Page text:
A Man In Lebanon Married An Underaged Girl To Cover Sexual Assault, Then Divorced Her


Underage marriage has increased in Lebanon during the pandemic, but mostly due to the economic crisis that has been affecting the country tremendously.

With schools closing in the last 2 years and the wave of the financial crisis that has affected the majority of the population, domestic violence has soared by 97% in Lebanon, and underage marriage has had its comeback.

Along with the lack of a legal minimum age that has thrown girls under 18 into marriage, sexual abuse is another reason for it.

On December 4th, 2021, a Palestinian religious sheik in Al Manara, West Beqaa married a 15-year-old girl that he had raped in his Koranic school on November 24th, 2021, as revealed later on by the investigations conducted by the Baydar al Adas police station in Rashaya.

The sheik divorced his victim shortly after marrying, which triggered her father’s suspicion, making him file a lawsuit.

On January 14th, the sheik was arrested for rape by the order from Judge Nadia Akl.

That drama was exposed but it is one among many others in Lebanon that are shushed in the darkness or buried under the existing layers of misdeeds, misinformation, misperceptions, oppression, and prejudice.

In figures, these layers translate into alarming rates: 59% of the victims of sexual assault are minors (45% male and 55% female), while 41% are adults (95% female and 5% male), as reported by Legal Agenda.

Since sex and all related matters are still considered taboo in Lebanon, there is a problematic lack of education about sexuality and sexual health, which contributes to sexual violence and abuse and to the vulnerability of their uninformed targets.

Lawmakers and law enforcers, including the judiciary, are similarly responsible, if not more, for, respectively,

  • having created laws that victimize and/or disregard women’s rights, and refusing to amend them to date, hence enabling perverse acts,
  • failing to respond adequately to these crimes and/or consider them as gravely as they are, despite some awareness attempts by the ISF.
  • failing to judge fairly to the extent of the crimes and/or allowing political interference and wasta to spare the perpetrators.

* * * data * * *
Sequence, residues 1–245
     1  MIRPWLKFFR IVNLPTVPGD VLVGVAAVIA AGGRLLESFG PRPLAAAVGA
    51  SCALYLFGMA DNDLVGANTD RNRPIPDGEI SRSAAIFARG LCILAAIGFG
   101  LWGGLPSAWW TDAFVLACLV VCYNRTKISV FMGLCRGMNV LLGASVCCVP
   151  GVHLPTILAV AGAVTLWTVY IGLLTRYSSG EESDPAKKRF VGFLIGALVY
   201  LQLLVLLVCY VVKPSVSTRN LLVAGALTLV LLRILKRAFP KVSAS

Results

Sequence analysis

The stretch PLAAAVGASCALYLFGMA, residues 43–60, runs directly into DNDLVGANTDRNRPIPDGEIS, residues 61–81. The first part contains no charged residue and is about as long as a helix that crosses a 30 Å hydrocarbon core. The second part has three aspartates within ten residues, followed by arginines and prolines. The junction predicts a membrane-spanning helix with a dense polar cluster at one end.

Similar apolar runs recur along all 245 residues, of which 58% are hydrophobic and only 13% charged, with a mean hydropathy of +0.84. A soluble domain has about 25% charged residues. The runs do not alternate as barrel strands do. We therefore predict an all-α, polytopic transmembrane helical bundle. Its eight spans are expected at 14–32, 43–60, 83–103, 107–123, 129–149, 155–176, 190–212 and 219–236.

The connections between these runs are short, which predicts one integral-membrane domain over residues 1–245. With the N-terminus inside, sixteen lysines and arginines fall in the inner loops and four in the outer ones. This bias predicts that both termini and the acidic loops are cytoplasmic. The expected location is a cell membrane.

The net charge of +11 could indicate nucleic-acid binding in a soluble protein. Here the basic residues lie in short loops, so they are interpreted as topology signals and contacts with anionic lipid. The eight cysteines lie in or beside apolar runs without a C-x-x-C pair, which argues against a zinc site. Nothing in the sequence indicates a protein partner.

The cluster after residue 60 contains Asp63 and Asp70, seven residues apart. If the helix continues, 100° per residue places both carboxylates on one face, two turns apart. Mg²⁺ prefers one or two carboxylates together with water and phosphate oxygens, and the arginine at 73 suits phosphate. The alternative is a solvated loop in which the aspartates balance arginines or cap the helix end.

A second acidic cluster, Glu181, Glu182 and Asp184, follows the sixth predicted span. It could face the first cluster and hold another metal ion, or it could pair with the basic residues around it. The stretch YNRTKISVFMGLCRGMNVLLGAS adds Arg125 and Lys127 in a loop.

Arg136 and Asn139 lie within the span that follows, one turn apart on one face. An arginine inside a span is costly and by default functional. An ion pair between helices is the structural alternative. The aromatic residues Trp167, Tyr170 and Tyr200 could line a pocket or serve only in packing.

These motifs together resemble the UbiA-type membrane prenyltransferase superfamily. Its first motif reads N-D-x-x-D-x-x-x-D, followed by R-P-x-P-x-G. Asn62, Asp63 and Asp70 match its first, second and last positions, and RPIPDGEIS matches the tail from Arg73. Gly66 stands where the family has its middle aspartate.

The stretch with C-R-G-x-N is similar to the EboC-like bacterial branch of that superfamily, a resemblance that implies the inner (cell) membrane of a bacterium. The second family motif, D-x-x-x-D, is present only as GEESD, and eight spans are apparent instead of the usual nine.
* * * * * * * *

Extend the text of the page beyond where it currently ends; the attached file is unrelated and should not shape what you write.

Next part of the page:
That all has made sexual violence one of the most unpunished crimes in Lebanon.

A recent example involves the infamous Marwan Habib, a serial sexual harasser who, despite having been widely exposed publicly by many since 2019 and sued, was left to his freedom to continue to harass women and minors.

It was reported that a political party from the ruling body interfered to ensure he is set free.

Habib ended up being caught by the forceful hand of Justice, not in Lebanon but in the United States. On January 7th of this year, he was arrested for sexual assault in Miami, charged in court, and jailed without bail.

Since the onset of the Lebanese Revolution in October 2019, people in Lebanon have become more active and bold in exposing sexual perpetrators on social media, for lack of action from the authorities.

Many are stepping up to expose their perpetrators but most don’t.

This is due to fear for their reputation or of being castrated by a culture that tends to harshly judge women in such cases, or because they are minors and uninformed of their rights and available support network by NGOs, or are victims of their legal guardian at home or a family member.

9 out of 10 women don’t report domestic violence and sexual abuse against them in Lebanon.

In a culture where a rapist was legally forgiven of his outrageous crime if he marries his victim, whatever her young age, the trend continues, unfortunately with the blessing of parents fearing societal shame.

Most cases of rape end up in marriage, with the young girl forced to live with and serve her pervert “enemy” all her life so her parents spare themselves what they deem as a dishonor.

That alone reflects the extent of prejudice against women while the shame and dishonor should be borne by the perpetrator, not the victim.

If you are a victim of domestic violence or know someone who is, there are local organizations that can help. Reach out to: KAFA: +961 3 018 019, Himaya: +961 3 414 964, ABAAD: +961 81 78 81 78

Related: There’s Now A Free App For Women Facing Domestic Violence & Personal Status Issues In Lebanon.

*Photo for illustration purpose only.